She loaned some prints to the Film und Foto exhibition in 1929 and in 1930 she brought out the book, 'Atget: Photographe de Paris,' in French, German and English.

This established Eugène Atget as a 'photographic artist.' Ms Abbott sold her collection of 4000 prints and 1300 negatives to New York's Museum of Modern Art in 1968.

Eugène Atget never considered himself as a 'photographic artist.' His 8000 surviving photographs are a form of documentation, a record of 'old Paris.'

Artist, he was though. While alive, he was certainly aware of officially recognized photographers and their works even if they were totally unaware of him. As a life-long Republican he was also interested in society, so many of his pictures depict social-realism in Paris.

In his time, Eugène Atget knew what he was doing. But he didn't write much about it. What we have instead is documentary evidence - the photos that he did over a period of 30 years, from the end of the 19th century into the beginning of the 20th.

Atget obstinately declined to follow any trends excepting his own - thus leaving a body of work, outstanding for its documentary value, and unique for its - 'artistic' - interpretation.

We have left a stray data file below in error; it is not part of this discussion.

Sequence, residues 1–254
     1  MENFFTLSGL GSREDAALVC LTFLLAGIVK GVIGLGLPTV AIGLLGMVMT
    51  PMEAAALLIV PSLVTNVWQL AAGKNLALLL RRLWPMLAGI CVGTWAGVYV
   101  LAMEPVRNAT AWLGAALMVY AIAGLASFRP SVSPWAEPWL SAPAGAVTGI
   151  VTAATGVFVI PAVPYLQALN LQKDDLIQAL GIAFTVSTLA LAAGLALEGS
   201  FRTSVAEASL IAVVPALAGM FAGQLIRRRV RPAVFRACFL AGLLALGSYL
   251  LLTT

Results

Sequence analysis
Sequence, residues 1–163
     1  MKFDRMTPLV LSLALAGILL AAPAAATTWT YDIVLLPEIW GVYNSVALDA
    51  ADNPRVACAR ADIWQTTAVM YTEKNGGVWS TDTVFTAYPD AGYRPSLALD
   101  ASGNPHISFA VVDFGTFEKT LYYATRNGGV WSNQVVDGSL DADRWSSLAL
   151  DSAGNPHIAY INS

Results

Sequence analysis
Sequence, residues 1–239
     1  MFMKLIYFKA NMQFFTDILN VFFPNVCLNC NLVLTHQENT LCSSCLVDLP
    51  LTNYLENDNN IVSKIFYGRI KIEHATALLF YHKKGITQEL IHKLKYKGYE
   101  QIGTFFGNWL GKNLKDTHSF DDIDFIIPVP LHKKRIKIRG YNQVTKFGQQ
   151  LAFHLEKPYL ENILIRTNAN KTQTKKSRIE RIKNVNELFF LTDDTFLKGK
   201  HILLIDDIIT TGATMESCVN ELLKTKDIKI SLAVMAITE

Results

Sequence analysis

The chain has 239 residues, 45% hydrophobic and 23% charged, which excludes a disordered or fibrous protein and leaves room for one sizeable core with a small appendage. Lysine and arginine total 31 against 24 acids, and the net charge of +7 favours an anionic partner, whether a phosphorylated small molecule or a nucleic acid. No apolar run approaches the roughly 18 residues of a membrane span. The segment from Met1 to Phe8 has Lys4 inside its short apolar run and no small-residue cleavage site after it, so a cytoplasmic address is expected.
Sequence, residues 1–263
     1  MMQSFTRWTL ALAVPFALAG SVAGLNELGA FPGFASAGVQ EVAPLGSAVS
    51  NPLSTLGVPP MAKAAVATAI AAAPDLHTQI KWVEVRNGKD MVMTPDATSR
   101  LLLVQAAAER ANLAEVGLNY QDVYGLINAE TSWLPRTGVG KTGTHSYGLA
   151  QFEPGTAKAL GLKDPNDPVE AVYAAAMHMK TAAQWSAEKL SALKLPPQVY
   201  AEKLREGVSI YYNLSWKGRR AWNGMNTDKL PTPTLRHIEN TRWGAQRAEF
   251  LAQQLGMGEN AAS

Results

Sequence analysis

Today Eugène Atget is considered to be the incarnation of 'Paris and photography.' We are lucky that somebody decided to be 'it.'

This week winter has a grip on Paris. People in the streets are muffled up and where they are standing in line, outside the warm boulangeries, little fog clouds rise above them.

Why did I decide on Wednesday to do this article about Eugène Atget? I imagine I was thinking of going out in all weathers, for 30 years. I imagine it is because it is winterphoto: metro overhead, nationale and nearly everything is grey. I imagine it is because I have to think a bit differently about black and white and do it while I am outside on the cold streets of Paris.

I think I imagine it because I've been in this thing of Atget's for over 10 years now. How little I knew. When I started in 1989, I had never heard of Eugène Atget. Now that I have, I wonder if I can keep tramping for another 20 years.

If interest in Atget's work is based on the aspects of Parisian life that have disappeared, I certainly know that many things I photographed ten years ago have disappeared.

The difference is in details. Today there is evolution - not real change - so what I'm doing is less likely to have any historical interest.

Now that Paris has become more of a huge museum than ever before, the remaining scraps of 'Vieux Paris' are likely to be preserved instead of 'disappeared.'

As far as 'artistic' goes, if the Musée Carnavalet or the Bibliothèque Historique become interested in what I'm doing, I'll probably be judged 'sloppy' too.

The photographs with this article and throughout this issue are not copies of Atget's photos. One was taken on New Years Day, 2000. Some were shot in Wednesday, in the area between the métro Nationale and the Jardin des Plantes. Others were taken on Thursday around Châtelet and the rest were taken in the Quartier Latin today.

All photos: Ric Erickson©2000